The people who simply just pick up everything and run with it – steal our stories, we say they steal our stories - they just take them," he said. "That's Google, that's Microsoft, that's Ask.com, a whole lot of people ... they shouldn't have had it free all the time, and I think we've been asleep."

That level of ignorance of the medium is breathtaking.

With luck, Murdoch will also order Fox News to pull their stuff off Google News and enact a paywall to keep those freeloading communist conservatives from reading the material for free. It'd be the fair and balanced things to do. And I, for one, can't wait.

Monday, September 7, 2009

Gmail outages could turn off enterprises

Must have been a slow news day over at Macworld. Are you telling me that if something is unreliable people tend to not rely on it? That's frickin' genius. I HATE captain obvious headlines.

Gmail outages could turn off enterprises. Repeated outages of Google's Gmail online e-mail system could discourage enterprise customers from using it.

Thursday, August 20, 2009

Use BCC to Cut Down on Reply Spam [Email Overload]

No Shit! Just don't hesitate to inform people of this when you are included on mass emails with pages of people on the CC line.

Use BCC to Cut Down on Reply Spam [Email Overload]

PC World runs down three lessons they've learned about containing the email beast, and at least one of them is worth contemplating for your next multi-recipient email. In short, BCC isn't just a privacy tool, but a reply-all killer.

Thomas, a federal government worker, uses BCC more often than not when addressing multiple recipients. In most cases, nobody cares who else is addressed on the message, and in almost every case, it prevents over-eager reply senders from hitting everybody with needless retorts.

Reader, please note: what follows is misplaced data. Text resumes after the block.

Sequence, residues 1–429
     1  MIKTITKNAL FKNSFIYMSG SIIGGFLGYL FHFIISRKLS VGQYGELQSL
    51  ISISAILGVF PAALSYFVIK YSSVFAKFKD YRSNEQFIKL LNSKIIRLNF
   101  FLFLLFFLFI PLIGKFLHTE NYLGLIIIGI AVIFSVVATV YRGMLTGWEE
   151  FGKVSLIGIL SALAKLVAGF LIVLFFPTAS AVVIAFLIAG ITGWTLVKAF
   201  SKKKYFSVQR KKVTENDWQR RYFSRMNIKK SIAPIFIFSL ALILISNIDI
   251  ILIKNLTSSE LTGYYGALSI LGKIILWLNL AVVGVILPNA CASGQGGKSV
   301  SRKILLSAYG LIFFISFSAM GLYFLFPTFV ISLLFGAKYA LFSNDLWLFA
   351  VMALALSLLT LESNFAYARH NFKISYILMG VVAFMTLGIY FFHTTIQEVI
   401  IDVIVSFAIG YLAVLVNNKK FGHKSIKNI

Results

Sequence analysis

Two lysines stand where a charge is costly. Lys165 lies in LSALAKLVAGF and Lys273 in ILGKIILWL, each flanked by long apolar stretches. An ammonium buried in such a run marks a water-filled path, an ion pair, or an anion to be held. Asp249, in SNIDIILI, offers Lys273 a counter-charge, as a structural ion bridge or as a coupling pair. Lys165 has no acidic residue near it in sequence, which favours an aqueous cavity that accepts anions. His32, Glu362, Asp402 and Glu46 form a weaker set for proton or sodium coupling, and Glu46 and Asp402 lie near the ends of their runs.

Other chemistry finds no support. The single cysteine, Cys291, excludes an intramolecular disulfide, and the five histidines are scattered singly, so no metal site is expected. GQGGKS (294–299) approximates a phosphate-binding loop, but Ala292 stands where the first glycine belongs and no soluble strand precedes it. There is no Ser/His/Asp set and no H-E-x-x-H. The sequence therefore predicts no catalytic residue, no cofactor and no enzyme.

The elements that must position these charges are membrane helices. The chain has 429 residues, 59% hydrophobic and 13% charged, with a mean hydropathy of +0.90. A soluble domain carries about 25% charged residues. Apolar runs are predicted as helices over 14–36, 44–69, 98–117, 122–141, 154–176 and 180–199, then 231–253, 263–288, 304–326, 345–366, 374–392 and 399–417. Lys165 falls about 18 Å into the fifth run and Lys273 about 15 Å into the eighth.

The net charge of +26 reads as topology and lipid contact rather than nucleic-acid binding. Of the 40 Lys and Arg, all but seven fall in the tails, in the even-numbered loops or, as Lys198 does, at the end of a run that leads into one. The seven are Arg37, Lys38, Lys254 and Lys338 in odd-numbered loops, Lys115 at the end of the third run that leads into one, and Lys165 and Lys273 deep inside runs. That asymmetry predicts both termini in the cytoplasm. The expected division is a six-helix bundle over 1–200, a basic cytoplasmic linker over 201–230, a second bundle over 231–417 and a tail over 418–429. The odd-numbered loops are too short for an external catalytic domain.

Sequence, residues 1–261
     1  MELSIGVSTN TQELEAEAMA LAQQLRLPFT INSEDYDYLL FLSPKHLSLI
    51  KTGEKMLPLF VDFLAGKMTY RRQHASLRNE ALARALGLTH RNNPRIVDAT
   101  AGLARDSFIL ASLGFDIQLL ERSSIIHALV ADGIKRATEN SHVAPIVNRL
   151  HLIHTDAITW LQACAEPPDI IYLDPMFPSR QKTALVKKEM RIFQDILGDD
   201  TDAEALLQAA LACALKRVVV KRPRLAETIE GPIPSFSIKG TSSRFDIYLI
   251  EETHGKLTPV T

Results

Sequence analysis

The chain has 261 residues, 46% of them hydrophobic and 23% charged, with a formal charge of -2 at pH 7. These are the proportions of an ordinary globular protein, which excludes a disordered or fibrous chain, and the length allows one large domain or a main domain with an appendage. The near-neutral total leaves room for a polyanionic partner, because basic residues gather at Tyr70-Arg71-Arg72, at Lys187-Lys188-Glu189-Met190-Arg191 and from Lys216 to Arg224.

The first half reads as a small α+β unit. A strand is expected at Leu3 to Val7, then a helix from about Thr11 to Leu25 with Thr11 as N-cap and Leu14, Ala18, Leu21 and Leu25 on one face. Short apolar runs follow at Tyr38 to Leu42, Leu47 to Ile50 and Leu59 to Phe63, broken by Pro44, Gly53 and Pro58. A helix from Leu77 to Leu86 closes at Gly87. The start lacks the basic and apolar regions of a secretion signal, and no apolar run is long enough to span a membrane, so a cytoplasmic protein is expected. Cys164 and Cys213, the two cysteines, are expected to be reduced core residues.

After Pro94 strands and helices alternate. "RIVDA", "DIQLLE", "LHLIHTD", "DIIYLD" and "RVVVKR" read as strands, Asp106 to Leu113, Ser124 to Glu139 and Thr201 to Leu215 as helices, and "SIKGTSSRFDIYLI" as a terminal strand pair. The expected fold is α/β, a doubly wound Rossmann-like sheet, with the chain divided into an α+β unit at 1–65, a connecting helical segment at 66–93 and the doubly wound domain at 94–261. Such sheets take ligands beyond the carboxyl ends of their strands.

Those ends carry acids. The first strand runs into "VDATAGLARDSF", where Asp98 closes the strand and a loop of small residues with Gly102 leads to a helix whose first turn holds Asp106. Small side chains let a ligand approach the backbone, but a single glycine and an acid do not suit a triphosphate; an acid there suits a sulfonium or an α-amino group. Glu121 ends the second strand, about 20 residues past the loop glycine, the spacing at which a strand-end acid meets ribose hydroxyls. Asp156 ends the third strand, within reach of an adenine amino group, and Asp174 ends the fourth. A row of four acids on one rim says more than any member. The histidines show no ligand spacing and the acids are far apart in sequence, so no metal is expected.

Use them for messages with many addressees and that will cut down on all the 'Me too' responses from people who stupidly hit the 'reply all' button before sending their worthless e-mail. One person hits reply all, another 29 send a message about the mistake, and you suddenly have 212 messages when only one was necessary.

Basic, for sure, but it's a good refresher, or a small hack if you weren't already using BCC to your advantage. The same article, though, agrees with our own advice on BCC disasters—don't blind carbon copy anyone who you want to remain truly hidden, because their reply could hit anyone you've carbon-copied in a "non-blind" way. So if you're aggravated by email waste but nervous about an office faux pas, BCC everyone who deserves to have a copy, and keep everyone else out of it.

Friday, August 14, 2009

Study: Most Twitter posts 'babble'

If you read the article you'll see that they used 6 categories. One of them actually being "pointless babble". If you ask me, 5 of the 6 are actually pointless. Only 1 of them (news) would be worth reading. So, while 40% might be "pointless babble", I'd say 90% would be just pointless.

The adorable, iconic Twitter "Fail Whale" floats blissfully on the wings of your Pointless Babble. A study reveals that more than 40 percent of Twitter's tweets are 'Pointless Babble.' So what were we expecting?  Why should self-published content to be different than, for instance, conversation?